The "new" science of love, she calls it. Well, I wouldn't say it's so new, except in perhaps in western scientific knowledge. There's nothing much new that she said. It's just that she had sources to cite and specific western scientific research, and some eastern knowledge, to refer to.
Nevertheless, it's exciting.
Finally the western scientific world is catching up with the rest of the world. As she spoke of the dance of relationships, the network of "effective dependency" and the interdependence that results, the image of a yin and yang appeared in my mind. One side of the complete whole fills in where the other is missing and they gradually merge one into the other. If one side pulls back, or pushes in, it is no longer a "healthy" whole. There is also always a part of one side in the other side.
This is not just a nice little picture. This is the way relationships work in reality. And this has been known by many cultures and societies for millennia. I think ,the "western" culture must have known it at one point too, but somehow it was lost, along with the wisdom in cultures, like food, dealing with illness, paying attention to the body, the effects of the "spirits" that appear within a group when synergy or group think appear.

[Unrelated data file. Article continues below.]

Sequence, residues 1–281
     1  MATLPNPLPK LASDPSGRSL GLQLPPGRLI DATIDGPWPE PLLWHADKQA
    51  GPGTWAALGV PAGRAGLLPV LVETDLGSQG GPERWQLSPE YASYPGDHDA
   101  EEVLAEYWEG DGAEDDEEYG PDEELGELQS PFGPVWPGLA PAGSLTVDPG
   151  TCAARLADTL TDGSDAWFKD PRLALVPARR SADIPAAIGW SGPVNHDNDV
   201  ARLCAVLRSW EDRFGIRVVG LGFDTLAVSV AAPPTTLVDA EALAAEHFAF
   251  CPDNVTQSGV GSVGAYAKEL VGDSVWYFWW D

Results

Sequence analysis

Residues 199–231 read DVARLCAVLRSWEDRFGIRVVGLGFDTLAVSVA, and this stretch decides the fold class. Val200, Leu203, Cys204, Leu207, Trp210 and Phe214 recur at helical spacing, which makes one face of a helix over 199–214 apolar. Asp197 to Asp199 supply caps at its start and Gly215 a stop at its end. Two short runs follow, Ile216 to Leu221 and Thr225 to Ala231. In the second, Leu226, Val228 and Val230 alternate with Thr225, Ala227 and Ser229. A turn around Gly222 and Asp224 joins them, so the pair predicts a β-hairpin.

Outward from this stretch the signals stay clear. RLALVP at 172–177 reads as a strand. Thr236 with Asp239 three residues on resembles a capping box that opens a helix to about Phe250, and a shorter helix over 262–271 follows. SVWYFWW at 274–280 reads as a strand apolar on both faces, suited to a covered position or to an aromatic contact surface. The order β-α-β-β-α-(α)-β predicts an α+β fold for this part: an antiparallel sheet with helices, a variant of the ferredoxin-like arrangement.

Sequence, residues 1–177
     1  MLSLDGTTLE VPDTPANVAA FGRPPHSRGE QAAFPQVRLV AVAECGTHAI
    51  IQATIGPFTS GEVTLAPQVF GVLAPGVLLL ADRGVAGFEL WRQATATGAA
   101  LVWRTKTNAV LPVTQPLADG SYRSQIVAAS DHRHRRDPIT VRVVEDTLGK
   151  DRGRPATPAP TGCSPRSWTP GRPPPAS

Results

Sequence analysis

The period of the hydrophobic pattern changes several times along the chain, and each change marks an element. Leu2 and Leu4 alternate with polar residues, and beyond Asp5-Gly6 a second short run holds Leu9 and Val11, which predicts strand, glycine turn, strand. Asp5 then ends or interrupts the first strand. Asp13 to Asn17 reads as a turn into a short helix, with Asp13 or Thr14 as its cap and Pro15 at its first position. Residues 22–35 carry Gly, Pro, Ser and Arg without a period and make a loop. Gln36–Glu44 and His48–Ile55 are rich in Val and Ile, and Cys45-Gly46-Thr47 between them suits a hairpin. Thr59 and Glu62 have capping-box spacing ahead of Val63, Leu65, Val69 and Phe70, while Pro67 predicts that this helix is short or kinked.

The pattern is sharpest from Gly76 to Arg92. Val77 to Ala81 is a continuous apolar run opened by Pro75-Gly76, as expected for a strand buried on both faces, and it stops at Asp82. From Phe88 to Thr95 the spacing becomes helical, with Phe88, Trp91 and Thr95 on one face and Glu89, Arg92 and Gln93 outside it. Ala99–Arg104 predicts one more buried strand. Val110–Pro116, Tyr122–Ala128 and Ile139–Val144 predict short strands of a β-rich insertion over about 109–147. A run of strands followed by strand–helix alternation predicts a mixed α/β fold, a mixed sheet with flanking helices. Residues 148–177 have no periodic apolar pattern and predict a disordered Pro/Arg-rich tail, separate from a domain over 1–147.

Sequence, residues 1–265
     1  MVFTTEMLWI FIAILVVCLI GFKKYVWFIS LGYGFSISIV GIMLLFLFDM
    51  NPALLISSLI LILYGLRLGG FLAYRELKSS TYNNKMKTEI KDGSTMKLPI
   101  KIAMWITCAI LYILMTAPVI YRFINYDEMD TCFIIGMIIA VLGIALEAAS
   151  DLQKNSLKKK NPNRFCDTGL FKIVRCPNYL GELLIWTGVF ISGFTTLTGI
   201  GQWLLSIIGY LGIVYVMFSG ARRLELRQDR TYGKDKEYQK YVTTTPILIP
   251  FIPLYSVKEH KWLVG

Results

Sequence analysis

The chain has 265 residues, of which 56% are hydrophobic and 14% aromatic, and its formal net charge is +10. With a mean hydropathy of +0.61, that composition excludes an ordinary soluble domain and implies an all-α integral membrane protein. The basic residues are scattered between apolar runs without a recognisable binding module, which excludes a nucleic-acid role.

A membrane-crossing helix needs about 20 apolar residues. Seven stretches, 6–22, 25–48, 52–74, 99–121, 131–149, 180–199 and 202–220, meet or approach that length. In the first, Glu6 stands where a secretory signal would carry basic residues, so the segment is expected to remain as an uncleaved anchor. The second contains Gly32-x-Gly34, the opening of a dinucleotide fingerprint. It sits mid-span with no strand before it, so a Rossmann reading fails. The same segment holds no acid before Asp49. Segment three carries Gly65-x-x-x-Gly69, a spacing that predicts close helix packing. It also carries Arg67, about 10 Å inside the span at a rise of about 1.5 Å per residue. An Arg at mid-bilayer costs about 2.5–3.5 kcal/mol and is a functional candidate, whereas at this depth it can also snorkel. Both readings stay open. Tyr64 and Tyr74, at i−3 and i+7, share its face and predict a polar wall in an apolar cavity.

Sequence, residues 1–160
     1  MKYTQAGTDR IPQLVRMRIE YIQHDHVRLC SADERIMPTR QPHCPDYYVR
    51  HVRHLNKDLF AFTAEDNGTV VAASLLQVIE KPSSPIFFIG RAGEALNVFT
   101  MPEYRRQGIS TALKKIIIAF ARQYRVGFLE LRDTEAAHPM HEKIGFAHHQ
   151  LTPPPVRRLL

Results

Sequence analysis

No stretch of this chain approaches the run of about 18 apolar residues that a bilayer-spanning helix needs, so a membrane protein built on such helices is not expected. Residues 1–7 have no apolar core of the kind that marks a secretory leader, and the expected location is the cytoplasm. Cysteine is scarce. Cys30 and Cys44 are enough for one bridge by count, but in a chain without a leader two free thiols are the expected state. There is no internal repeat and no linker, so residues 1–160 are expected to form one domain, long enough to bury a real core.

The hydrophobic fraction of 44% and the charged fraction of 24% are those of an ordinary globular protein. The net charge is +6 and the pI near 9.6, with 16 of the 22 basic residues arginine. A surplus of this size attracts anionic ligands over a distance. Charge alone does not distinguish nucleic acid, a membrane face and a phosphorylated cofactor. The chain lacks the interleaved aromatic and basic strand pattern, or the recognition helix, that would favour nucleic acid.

Was this lost when thousands of people came to the "Americas" to begin a new life? Was that when the roots were cut? Or was it during the period of "Enlightenment," a sort of "cultural revolution" of Europe which shone light on some areas, but left other aspects of ancient wisdom, then, in darkness.
In any case, this piece of wisdom, about the centrality of human connections and bonds, and our basic instinct to need each other, has returned. Maybe now our "western societies" can not just talk about relationships, but live them out and begin to learn what community really means.